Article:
Cancer patients who belong to the age group of 12-25 may fall under the section of diagnosed, but still, among one-third of them get diagnosed too late. This life-threatening disease is difficult to diagnose already, and the more you delay in the early stages, the more dangerously it grows inside your body.
A report suggests that in initial stages people waste almost three visits to their physicians before ending up in a cancer speciality facility. The Teenage Cancer Trust in the UK has already announced the Teenage Cancer Action Week which will raise awareness among the youth about the most common signs and symptoms of cancer. These are the most common signs which we take for granted in our day to day life. For instance, change of the colour of a mole on your body, untimely bleeding, back pain and much more. Let's have a look at the most common symptoms below!
The unexplained pain in any part of the body should not be ignored. Though some types of pain come and go, and some do persist. For instance, pain in the abdomen region may signal ovarian cancer, a persistent pain in the chest could mean lung cancer and list goes on.
Though allergies cause a cough and cold, a persistent cough is a warning signal. You may find it strange, but even non-smokers are susceptible to lung, throat and larynx cancer. Therese Bartholomew Bevers, MD of the MD Anderson Cancer Center, US, says, "Most coughs are not cancer, but a persistent cough needs to be evaluated because it can be a symptom of lung cancer."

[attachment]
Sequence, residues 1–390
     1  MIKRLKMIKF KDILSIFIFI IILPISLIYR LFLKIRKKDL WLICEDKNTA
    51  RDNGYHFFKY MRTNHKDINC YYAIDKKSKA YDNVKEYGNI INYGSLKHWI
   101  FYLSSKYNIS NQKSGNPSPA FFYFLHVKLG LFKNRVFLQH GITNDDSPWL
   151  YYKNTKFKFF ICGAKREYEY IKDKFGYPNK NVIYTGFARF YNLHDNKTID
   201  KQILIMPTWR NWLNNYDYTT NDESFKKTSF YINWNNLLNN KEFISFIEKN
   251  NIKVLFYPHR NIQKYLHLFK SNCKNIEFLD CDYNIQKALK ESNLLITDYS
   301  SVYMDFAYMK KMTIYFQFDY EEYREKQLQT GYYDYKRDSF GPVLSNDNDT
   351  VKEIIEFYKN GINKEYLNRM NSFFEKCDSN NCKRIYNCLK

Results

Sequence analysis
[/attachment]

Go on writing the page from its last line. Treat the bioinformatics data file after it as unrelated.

Finding blood in urine or having to pee more often or less often than your normal routine may be pointing towards some infection may cause cancer in bladder or kidney.
While some bowel changes may be a result of your eating disruptions or certain medications, a prolonged change in the shape, size, and timing of your bowel movements may signal colon cancer.
If you feel tired most of the times without any apparent reason, it indicates blood cancer, leukaemia.
Vaginal bleeding or blood in the urine (when you are not in your periods) may be indicative of cervical cancer, blood in the stool may signal colon or rectal cancer, and blood in the phlegm or a cough may be a sign of lung cancer.
If you observe any sudden or unexplained lumps or bumps growing under your skin, then it is recommended to consult a physician and get yourself checked for any underlying health problem. While it may just be a benign cyst, chances of it being cancer growing in the subterranean tissue cannot be ruled out.
See a dermatologist if you notice new moles on your skin or if you find your existing moles changing shape, size, and color. It may signal melanoma, a deadly skin cancer.
A sore that doesn't heal for more than three weeks, should be checked by a doctor. The kind of sores that don't heal soon could be indicative of carcinoma, say experts.
If you have been losing weight without efforts or dieting, then you should consult a physician. It could point to a liver or colon cancer. Sudden weight gain is not normal either and should be reason enough to send you rushing to your doctor.
Persistent trouble in swallowing should not be ignored. It may be a tumor blocking your throat or could be the neck, head or oesophageal cancer.